A Beginner's Guide to Data Science
Charlie | February 7th 2018
As a data science startup, one of the toughest challenges facing us is explaining to family and friends what data science actually is. This article is going to attempt to explain what data science is, what it can do and why it is giving so many companies a competitive advantage in their field.
To put it simply data science is the collection, storage and processing of data to give predictions or extract meaning from data. This process can be thought of as cooking a meal. The different types of data are the ingredients, the recipe is an algorithm which is a set of instructions of how to combine the ingredients (data), the oven is the computer which does the cooking, the data scientist is the chef and the prediction is the meal.
In order to cook this data science meal effectively the data scientist must be able to combine methods and principles from maths, statistics, software engineering and particularly machine learning. For example, skills are needed in software engineering in order to handle and store data safely. Maths and statistics are applied to critically analyse and interpret the data. Machine learning is a subsection of artificial intelligence that allows computers to learn without being explicitly programmed. This allows the automated extraction of knowledge from data. This might sound like magic, but fundamentally machine learning can only really answer 5 key questions.
Is this A or B?
Is this normal?
How much - or - how many?
How is this arranged?
What should I do next?
Question 1: Is this person male or female? Will this customer like this product? Yes or no, machine learning answers this with classification algorithms. It takes a new data point and makes a prediction if it is A or B.
Question 2: Is this normal? This is known as anomaly detection. Algorithms are designed to identify if something is unexpected compared to the rest of the data. This is already used in fraud detection by major banks.
Question 3: What is the value of this? Predicting the numerical value of something is known as regression, for example predicting the height of a child given the heights of their parents.
Question 4: How is this arranged? This question is looking at clustering data points together that have things in common and hence is known as clustering.
Question 5: What should I do next? This is one of the most interesting questions and is solved by algorithms that use reinforcement learning. Reinforcement learning is inspired by how brains respond to punishment and reward, using trial and error to find out the best solution while learning as they go.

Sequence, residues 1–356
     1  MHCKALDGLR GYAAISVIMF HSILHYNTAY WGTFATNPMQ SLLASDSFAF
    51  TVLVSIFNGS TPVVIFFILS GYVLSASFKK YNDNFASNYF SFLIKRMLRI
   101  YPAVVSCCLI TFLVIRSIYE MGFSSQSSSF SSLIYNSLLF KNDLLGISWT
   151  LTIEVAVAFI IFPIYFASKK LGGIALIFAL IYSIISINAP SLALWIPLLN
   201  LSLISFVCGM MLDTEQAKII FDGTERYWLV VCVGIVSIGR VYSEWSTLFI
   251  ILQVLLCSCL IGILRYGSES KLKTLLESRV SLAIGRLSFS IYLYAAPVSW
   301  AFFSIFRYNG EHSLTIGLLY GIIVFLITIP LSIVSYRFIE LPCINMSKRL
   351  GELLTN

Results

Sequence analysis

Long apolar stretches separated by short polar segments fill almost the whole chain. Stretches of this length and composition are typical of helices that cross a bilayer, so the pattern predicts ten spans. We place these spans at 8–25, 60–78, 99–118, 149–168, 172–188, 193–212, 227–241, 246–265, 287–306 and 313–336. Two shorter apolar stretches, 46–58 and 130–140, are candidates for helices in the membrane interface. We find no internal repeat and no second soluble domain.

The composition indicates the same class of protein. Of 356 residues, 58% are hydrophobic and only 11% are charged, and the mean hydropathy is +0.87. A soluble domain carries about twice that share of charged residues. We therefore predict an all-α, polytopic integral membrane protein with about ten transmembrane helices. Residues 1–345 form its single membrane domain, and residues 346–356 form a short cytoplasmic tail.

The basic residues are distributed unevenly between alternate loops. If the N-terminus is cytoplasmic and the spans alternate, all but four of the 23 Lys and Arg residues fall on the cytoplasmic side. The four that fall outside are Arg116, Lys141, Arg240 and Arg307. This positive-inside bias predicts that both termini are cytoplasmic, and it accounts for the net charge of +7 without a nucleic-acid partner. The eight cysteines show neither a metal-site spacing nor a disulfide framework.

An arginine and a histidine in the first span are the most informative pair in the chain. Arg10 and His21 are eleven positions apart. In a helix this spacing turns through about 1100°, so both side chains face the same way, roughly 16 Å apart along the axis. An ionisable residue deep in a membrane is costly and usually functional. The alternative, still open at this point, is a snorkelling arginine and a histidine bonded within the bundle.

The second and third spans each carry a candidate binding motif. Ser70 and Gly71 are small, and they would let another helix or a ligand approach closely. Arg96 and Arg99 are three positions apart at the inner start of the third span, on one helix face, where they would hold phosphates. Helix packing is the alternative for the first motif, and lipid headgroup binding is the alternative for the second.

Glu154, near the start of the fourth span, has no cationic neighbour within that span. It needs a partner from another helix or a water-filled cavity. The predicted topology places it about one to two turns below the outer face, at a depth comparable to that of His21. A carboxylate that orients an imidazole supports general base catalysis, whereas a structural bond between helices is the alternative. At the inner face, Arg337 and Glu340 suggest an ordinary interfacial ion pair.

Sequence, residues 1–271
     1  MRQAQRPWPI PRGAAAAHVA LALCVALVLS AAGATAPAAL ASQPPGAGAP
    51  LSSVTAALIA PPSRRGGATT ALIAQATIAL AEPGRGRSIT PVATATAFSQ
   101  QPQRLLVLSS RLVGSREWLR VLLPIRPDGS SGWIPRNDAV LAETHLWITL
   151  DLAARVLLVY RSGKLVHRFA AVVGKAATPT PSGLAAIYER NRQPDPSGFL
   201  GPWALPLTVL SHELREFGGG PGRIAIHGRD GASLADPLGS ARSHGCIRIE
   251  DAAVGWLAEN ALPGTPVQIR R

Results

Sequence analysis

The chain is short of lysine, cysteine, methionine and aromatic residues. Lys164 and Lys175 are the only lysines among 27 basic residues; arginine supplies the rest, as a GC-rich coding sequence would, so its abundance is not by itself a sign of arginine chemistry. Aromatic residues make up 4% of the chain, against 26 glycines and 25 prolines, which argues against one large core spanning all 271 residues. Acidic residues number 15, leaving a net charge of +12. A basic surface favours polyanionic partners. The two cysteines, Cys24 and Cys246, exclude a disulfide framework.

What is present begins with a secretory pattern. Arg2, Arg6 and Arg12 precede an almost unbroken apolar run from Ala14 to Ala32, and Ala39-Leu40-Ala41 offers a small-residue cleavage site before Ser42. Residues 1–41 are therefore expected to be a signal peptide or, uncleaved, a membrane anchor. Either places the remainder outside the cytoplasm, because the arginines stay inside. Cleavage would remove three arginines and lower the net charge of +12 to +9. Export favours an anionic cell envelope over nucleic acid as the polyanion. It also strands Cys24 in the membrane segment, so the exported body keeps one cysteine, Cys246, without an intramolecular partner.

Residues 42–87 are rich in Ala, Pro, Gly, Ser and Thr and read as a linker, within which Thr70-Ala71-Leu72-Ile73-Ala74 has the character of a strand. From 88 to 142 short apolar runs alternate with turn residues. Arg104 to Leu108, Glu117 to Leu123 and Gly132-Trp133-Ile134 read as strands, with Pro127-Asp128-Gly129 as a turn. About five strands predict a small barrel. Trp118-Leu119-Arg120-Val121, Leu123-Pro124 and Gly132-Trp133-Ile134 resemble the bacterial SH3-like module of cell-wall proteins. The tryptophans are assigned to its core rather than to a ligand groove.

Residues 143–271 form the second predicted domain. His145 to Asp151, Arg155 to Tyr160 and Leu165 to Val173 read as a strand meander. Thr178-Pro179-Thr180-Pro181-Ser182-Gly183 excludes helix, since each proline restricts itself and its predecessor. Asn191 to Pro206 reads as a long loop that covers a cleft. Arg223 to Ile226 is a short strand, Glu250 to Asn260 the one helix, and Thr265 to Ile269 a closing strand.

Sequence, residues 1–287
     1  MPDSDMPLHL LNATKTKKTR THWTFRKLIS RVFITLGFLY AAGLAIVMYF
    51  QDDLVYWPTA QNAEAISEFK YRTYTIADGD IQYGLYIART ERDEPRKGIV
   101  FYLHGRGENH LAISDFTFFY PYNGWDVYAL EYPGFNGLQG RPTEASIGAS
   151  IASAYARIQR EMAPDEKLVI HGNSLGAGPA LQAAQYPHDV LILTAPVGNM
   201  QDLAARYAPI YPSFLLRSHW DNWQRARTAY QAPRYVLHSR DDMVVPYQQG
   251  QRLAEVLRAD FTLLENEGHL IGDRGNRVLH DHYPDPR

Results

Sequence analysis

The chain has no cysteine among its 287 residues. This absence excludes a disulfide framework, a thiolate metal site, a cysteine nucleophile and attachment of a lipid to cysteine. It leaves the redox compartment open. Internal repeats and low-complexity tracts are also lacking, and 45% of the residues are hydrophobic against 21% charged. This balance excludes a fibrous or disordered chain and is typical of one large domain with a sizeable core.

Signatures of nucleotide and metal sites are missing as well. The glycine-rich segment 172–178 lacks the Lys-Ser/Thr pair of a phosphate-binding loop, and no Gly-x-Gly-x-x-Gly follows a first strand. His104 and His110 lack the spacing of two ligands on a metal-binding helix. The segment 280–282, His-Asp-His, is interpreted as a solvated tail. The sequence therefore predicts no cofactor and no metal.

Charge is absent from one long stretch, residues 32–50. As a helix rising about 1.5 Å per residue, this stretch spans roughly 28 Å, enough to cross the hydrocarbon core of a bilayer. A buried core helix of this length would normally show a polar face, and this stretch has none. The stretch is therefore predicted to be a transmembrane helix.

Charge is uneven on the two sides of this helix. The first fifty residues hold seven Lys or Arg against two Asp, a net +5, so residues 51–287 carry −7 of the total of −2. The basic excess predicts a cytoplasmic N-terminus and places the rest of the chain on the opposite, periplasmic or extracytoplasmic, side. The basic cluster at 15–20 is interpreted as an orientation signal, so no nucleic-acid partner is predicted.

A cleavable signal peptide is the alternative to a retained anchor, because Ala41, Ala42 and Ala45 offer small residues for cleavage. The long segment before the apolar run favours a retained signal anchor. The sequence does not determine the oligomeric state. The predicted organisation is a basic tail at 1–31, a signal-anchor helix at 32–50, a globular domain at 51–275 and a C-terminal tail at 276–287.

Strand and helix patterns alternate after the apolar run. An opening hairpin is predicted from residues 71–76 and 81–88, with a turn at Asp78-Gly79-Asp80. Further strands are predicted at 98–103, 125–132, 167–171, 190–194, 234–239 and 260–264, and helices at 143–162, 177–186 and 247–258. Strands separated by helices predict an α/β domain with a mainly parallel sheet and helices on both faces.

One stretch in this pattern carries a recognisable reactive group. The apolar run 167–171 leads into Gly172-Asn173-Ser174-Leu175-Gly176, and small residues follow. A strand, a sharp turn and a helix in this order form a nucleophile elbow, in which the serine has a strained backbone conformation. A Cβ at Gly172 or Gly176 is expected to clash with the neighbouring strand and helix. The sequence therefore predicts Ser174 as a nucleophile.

Public interest in machine learning and data science has soared in recent years, as shown by this graph of the number of google searches for data science and machine learning since 2004. This is for several different reasons. Firstly, born digital companies such as Facebook, Google and Amazon have shown the world the power of using these techniques in business. Secondly, there is a genuine need for data science to make sense of all the data collecting on hard drives all around the world.
Data science is becoming increasingly more important in our rapidly expanding digital world. In every aspect of society from healthcare and transport to our social lives and TV habits, extensive amounts of data is being produced. Applying machine learning to this vast ocean of data allows us to extract information which influences decision making. Training a model to recognise a cancerous tumour in a MRI scan can help a doctor to identify a life threatening disease. Businesses are now able to predict when a user paying for their service is about to terminate their subscription. The applications of data science are both powerful and widespread, and it has a big role to play in our ongoing digital evolution.
For more detailed examples of the capabilities of data science in action, see our articles about data science at Netflix, and the best Go player in the world, who happens to be a computer.